Engie, the majority owner of the brown coal-fired Hazelwood power station in Victoria’s La Trobe Valley, have said that the plant will close in March next year.
The Hazelwood power station and accompanying coal mine is one of the biggest and dirtiest energy producers in the state, supplying up to 25% of Victoria’s electricity. It was the Hazelwood open cut coal mine that was engulfed in 120 metre flames for nearly a month in 2014, covering Morwell and the surrounding areas in thick, black, poisonous smoke and most likely leading to the major health problems seen in the region since.
The Socialist has long advocated for the closure of the immensely dirty power station as part of a rational transition to the use of safe, clean, renewable energy.
As Beyond Zero Emissions have pointed out, the technology is available to do this. What is missing, however, is the political will to make it happen.
As it stands, energy production is chaotic and the sector is vulnerable to crises. The recent South Australian blackout and the Tasmanian energy storage crisis highlighted this clearly. This is because the energy sector is controlled by private interests, who treat power as just another consumable product to be profited from, rather than as a necessary service that everyone should have the right to access.
On the basis of capitalism plant closures such as the one proposed at Hazelwood can lead to the complete devastation of communities. It is estimated that 1000 jobs will be lost.
If Hazelwood closes, it is likely that the Portland aluminium smelter will also close, resulting in a further 750 direct job losses. Either site closing will lead to many more indirect job losses in the surrounding communities. Gippsland, where the La Trobe Valley is located, already has the highest rate of unemployment in Victoria of over 8%.
But workers and environmentalists don’t need to be at odds. In fact, their interests are intrinsically linked. Unemployment, low pay, unsafe working conditions and the destruction of the environment are all caused by the same profit-driven, capitalist system.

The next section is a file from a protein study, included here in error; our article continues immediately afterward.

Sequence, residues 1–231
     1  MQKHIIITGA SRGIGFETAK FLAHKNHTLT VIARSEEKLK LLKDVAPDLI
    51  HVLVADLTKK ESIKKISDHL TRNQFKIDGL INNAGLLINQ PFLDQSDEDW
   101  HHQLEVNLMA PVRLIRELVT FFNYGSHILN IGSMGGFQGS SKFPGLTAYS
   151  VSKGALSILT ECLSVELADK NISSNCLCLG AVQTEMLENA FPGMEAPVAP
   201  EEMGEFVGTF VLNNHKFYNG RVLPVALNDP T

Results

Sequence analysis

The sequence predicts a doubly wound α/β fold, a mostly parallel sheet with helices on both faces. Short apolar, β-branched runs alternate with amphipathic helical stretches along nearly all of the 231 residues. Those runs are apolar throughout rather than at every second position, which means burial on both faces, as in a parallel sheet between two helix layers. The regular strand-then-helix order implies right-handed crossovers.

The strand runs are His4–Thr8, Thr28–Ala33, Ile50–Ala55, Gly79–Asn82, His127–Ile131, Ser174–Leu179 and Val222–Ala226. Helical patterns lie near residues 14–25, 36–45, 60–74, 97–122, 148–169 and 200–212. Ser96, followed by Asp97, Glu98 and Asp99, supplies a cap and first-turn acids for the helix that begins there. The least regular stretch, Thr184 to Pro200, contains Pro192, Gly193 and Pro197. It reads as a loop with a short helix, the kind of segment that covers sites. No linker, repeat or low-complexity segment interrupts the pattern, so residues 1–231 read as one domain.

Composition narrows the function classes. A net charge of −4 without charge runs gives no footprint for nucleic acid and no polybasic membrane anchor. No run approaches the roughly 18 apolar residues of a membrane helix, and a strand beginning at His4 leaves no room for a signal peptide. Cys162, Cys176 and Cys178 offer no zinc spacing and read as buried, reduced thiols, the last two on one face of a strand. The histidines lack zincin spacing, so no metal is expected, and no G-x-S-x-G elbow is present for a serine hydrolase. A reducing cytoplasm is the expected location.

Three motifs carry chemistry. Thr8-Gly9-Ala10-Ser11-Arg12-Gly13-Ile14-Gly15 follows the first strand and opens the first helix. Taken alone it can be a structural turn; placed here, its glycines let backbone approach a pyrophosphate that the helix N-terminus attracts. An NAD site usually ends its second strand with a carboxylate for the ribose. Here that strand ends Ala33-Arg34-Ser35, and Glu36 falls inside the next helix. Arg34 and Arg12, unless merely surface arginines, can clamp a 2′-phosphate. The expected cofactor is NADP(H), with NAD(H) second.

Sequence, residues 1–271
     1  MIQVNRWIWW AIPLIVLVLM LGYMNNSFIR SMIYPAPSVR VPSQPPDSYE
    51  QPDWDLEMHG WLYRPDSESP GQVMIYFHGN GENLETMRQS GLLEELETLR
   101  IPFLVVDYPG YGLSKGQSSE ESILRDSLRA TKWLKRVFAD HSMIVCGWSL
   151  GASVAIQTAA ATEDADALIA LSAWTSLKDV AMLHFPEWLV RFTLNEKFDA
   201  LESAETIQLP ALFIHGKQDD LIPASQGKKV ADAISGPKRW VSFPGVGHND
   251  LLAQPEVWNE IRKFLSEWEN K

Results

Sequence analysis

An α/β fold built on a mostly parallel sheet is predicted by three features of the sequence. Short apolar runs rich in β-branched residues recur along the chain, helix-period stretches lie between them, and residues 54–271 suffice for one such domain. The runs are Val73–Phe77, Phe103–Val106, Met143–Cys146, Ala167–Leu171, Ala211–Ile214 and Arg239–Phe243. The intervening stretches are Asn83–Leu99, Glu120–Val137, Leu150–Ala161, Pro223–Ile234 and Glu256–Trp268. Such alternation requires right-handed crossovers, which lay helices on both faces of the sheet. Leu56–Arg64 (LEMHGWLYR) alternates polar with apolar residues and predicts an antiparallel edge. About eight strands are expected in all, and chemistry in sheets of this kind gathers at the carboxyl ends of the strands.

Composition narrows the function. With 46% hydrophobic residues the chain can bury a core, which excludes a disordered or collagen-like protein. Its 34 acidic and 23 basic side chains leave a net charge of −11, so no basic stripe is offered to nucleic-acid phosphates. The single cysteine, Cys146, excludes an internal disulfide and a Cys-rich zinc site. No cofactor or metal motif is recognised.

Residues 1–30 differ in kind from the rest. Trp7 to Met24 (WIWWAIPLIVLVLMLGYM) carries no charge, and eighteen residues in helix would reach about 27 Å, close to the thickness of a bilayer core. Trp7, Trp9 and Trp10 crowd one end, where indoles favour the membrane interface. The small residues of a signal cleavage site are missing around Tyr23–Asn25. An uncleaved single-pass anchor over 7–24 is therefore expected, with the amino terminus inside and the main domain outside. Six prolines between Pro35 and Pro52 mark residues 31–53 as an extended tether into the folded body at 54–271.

On a socialist basis, we could simultaneously address climate change and provide stable and secure employment for those working in the energy sector.
If the energy sector was brought back into public ownership, and was democratically run by workers and the community, a plan could be developed to close the plant while simultaneously introducing large scale renewable energy production into the Latrobe Valley.
In fact, it has been shown that investment in renewable energy creates nearly four times as many jobs as in the coal industry. So, a planned transition to renewables has the potential to be a boon for the Valley.
Over time Hazelwood workers could be reemployed in well-paid secure jobs in the clean energy sector while being retrained.
New engineering plants and TAFE colleges could be built in the region; this would not only facilitate the transition to renewables but would lead to more jobs being created in construction, manufacturing and teaching.
With the increase in the population that this expansion would bring, there would also need to be investment in housing, schools, hospitals and public transport in the region.
Such a plan would make the La Trobe Valley a safer and healthier place to live and put Victoria at the forefront of the fight against climate change.
But on the basis of capitalism, a rational plan like this is a pipedream. For any of these measures to be sustainable or long lasting, the profit motive needs to be removed from the equation.
This means that any campaign for a transition to renewable energy must be linked to the fight for a democratic socialist society – where resources are collectively owned and controlled by workers, the community and consumers.
By Meredith Jacka